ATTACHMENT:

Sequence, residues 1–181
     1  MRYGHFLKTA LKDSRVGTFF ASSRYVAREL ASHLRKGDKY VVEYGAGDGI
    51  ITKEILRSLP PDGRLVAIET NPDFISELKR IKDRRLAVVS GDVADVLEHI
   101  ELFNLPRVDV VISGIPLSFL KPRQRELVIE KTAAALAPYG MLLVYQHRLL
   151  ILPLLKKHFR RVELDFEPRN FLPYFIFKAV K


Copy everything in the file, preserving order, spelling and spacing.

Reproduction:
Sequence, residues 1–181
     1  MRYGHFLKTA LKDSRVGTFF ASSRYVAREL ASHLRKGDKY VVEYGAGDGI
    51  ITKEILRSLP PDGRLVAIET NPDFISELKR IKDRRLAVVS GDVADVLEHI
   101  ELFNLPRVDV VISGIPLSFL KPRQRELVIE KTAAALAPYG MLLVYQHRLL
   151  ILPLLKKHFR RVELDFEPRN FLPYFIFKAV K